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German rights commissioner axes pre-World Cup Qatar trip

The German government’s human rights commissioner on Sunday cancelled a trip to Qatar next week as tensions mount between Berlin and the Gulf state over the football World Cup.

Luise Amtsberg had been due to visit Qatar on Monday, along with Interior Minister Nancy Faeser and head of the German football federation Bernd Neuendorf.

But on Friday Qatar summoned Germany’s ambassador over comments from Faeser that cast doubt on whether the Gulf state should host the tournament. 

The conservative Islamic state has faced widespread criticism over its treatment of migrant workers, as well as rights for the LGBTQ community and women.

Amtsberg — from the Green party — said she was postponing her visit to a later date. 

“The developments this weekend have made it clear to me how difficult it is… to hold the open and critical talks that I had planned with the Qatari government on the human rights situation (there),” she said in a statement. 

“As human rights commissioner, the environment for talks is crucial for me.”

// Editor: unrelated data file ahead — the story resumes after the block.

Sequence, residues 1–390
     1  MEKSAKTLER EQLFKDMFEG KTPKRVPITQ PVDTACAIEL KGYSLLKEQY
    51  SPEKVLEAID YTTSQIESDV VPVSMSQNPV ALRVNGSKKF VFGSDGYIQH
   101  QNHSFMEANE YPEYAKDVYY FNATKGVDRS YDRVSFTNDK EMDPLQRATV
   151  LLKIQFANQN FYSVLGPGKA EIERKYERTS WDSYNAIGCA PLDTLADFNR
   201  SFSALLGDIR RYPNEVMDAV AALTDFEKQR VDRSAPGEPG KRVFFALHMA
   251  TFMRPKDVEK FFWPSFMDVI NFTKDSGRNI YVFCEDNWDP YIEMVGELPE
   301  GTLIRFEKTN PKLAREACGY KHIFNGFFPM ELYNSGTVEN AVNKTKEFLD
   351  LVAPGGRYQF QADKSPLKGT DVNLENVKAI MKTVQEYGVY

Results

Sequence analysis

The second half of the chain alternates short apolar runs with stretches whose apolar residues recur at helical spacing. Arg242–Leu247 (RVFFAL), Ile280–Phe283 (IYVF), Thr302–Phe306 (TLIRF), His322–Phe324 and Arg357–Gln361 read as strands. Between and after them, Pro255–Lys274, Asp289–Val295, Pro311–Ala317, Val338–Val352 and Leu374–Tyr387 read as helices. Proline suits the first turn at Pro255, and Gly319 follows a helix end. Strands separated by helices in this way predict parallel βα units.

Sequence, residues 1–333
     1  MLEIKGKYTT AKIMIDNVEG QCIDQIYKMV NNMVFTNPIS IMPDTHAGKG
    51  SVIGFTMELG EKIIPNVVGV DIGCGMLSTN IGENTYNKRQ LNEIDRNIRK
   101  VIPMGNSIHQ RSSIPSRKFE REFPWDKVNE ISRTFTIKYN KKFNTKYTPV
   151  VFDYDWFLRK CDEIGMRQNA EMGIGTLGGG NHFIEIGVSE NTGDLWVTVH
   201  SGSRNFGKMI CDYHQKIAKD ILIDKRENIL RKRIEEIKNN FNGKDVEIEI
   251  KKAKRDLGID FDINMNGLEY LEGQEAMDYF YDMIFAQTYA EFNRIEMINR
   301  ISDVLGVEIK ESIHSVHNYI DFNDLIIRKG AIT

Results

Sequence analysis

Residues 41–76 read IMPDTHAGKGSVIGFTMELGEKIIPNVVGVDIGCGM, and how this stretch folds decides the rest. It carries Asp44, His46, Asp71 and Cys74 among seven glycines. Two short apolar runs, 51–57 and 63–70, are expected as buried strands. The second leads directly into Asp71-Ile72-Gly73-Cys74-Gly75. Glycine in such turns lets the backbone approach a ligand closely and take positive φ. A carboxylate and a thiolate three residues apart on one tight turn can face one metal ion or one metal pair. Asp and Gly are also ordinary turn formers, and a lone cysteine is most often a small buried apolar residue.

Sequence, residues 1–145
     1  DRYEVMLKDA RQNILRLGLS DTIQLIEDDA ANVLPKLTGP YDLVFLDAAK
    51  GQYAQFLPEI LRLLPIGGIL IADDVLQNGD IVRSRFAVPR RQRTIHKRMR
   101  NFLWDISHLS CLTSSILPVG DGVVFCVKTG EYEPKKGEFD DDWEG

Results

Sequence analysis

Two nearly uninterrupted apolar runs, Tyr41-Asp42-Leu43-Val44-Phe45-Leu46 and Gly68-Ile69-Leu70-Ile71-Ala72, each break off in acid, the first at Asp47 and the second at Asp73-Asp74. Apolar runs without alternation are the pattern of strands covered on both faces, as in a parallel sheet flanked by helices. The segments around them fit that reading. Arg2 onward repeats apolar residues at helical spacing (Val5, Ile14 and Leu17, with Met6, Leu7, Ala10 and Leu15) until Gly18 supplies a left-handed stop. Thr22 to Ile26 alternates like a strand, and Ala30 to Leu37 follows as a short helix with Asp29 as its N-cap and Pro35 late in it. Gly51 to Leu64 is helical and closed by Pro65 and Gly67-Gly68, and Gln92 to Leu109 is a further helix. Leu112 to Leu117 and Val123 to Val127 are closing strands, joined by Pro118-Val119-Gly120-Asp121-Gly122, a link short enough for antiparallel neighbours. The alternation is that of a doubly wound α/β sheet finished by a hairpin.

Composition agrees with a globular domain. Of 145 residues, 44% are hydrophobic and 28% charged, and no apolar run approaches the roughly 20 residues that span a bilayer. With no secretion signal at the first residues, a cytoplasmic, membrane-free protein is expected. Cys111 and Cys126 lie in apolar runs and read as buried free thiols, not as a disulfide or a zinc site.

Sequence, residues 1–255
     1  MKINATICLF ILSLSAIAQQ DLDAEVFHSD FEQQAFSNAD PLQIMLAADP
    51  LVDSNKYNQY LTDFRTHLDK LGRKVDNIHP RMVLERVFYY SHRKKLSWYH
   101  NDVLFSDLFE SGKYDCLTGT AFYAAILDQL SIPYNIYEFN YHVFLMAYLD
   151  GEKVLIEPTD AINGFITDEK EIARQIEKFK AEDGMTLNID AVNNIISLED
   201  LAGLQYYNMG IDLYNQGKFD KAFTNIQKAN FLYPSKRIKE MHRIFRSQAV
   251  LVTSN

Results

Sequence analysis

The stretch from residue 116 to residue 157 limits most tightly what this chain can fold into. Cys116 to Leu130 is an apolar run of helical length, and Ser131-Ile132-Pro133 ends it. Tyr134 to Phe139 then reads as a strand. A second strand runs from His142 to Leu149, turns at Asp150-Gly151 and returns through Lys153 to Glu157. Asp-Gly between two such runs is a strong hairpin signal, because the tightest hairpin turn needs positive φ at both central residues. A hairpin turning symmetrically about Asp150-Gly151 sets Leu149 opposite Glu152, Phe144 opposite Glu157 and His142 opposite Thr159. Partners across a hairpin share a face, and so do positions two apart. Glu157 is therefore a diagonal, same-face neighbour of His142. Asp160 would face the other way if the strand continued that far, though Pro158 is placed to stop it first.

The interior ministry confirmed that Faeser would still go ahead with her visit.

Qatar’s move to call in the German envoy marked the first time a foreign ambassador had been summoned over critical comments. 

The Gulf state’s foreign minister said Faeser’s remarks were “unacceptable and provocative” and required a “clarification”. On Saturday, the Gulf Cooperation Council also condemned the comments.

The minister, in an interview with the ARD network aired Thursday, said Qatar’s hosting of the World Cup next month was “very tricky” for Germany.

She added: “There are criteria that must be adhered to and it would be better that tournaments are not awarded to such states.”

Faeser, in a statement released ahead of her visit, had also said that rights would be raised in talks.

Qatar has highlighted widespread improvements in its labour and industrial safety record in recent years, that have been hailed by international labour unions.

Rights groups have accused it of under-reporting deaths on construction sites over the past decade, and have campaigned for Qatar and football governing body FIFA to set up a compensation fund for workers.

The spat comes at an awkward time for Germany, which has been negotiating for supplies of Qatari natural gas to make up for losses in Russian deliveries, slashed since the start of the Ukraine war.

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